Dense evergreens on the property line will provide screening; the goal is to plant species including Leland cypress that have a rapid rate of growth and also, to include any currently existing trees in good health. A landscape architect will create a design for the parking areas as well as the dense hedgerows, Giambertone said.
In addition, plans feature one-way ingress and egress, he said.

Giambertone said he realized plans need to address Southold’s Dark Skies lighting mandate.
Planning Board Chair Donald Wilcenski noted that it was the first time that the board was seeing the plans; first, Southold Town Planning Department Director Heather Lanza would go over the application for completeness and then the board would ask for information as needed.
Lanza went over the ZBA conditions, including that no hotel amenities may be used by the public, there is to be no expansion of hotel units presented, and there is to be no outdoor music.
She noted that the application was “well below” the 40 percent lot coverage allowed on a parcel in the hamlet business zone at 18.6 percent; that percentage may drop with the lesser number of guests allowed at events, she said. Lanza said the numbers for event guests needed to be changed from 250 to 100 on the plans.
In addition, Lanza said the applicants needed to provide the gross floor area of the buildings, a lighting plan, and the interior landscaping plans for the parking area; the transition buffer and front landscaped area also need to be addressed, she said. The town also needs a copy of the most recent renderings, she said.
Southold residents turned out in force in October for a zoning board of appeals hearing on a project for the new hotel and restaurant proposed for Main Road that the majority feared would shatter their bucolic quality of life forever.
Time and time again, residents implored the ZBA not to grant the special exception for a project they said would irrevocably alter the character of Southold Town forever. “Just say no!” one resident said.
Some residents have spoken out on social media with concerns regarding environmental issues, noise, quality of life, and impacts on small mom-and-pop businesses in the area; a petition was created, “Opposition to the Enclaves Hotel in Southold.”
The proposed restaurant and hotel will operate year-round, with hours of operation consistent with such uses.
The application was discussed at a Southold planning board work session in 2017.
At a past meeting, Angelina McKenna said she and her husband had come to express concerns “about this horrendous project being proposed. The Town of Southold prides itself on its heritage and strong sense of community,” she said. “Our roads cannot handle more, nor do we want more. Who will benefit from this outlandish, outrageous proposal?”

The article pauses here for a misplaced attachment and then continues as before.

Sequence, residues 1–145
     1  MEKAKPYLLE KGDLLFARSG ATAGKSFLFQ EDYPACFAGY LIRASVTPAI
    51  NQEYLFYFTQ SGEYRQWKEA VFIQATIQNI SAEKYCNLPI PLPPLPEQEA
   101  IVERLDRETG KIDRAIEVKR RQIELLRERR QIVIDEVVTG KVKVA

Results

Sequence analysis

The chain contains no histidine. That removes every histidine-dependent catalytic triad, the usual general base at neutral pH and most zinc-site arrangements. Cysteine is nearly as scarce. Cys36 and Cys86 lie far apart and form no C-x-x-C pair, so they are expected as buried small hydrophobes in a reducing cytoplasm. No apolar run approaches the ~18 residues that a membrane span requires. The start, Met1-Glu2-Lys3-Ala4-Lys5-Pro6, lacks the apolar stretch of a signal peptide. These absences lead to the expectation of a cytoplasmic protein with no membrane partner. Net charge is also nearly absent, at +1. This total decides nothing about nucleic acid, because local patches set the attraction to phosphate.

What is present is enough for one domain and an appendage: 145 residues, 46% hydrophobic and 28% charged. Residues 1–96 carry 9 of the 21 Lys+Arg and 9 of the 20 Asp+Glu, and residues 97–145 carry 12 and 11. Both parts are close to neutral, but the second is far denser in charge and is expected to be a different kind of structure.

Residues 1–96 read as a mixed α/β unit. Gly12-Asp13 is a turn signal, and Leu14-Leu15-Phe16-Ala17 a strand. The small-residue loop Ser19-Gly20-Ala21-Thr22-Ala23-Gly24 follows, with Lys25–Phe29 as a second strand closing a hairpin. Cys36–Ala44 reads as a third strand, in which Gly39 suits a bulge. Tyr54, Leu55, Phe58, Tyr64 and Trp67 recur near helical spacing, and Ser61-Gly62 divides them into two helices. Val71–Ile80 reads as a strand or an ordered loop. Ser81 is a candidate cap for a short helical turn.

The project as proposed was first pitched as 22 rooms in 2017 and now proposes 44, she pointed out.
Also, McKenna said, there is already a dearth of affordable housing; there will be nowhere for the facility’s employees to live, meaning they would all have to commute.
“We used to say, ‘Save what’s left,'” said. Terry Walker of Southold. “Now it’s ‘Save what’s left, after I get mine.’ Enough is enough. We are the residents. We matter.”
Paul Romanelli, who lives in Cutchogue and owns a business on Main Road in Southold, spoke out in favor of the project, saying there is a need for more hotel space and that traffic studies are accurate; he does not believe traffic will be an issue. He pointed to other projects by the developers, including North Fork Table and the new Southold General. The goal of the comprehensive plan was to site new businesses in the hamlet centers and to stimulate the economy, he said. “We got what we wanted,” he said, adding that B&Bs and hotels are full year-round.
Giambertone spoke to Patch in 2017 about the vision for the plan.
He said the goal was to create a “high-end” restaurant. “We’re hoping to create a unique environment. The Town of Southold seems to be gravitating toward bringing more upscale wine tastings to the wine area.”
The owners of the property, Giambertone said, are local residents. “They’re looking to preserve the bucolic nature of Southold, and not turn it into anything else. They love what Southold is all about, love the relaxed atmosphere. And they see the need for the hotel, see the need for that opportunity.”
The need for a hotel exists, he said. But neighbors should not worry about a noisy establishment, he said. The aim is to provide guests with a place of “respite and privacy, where they can enjoy what’s beautiful about Southold — which is the peace and quiet,” Giambertone said at the time.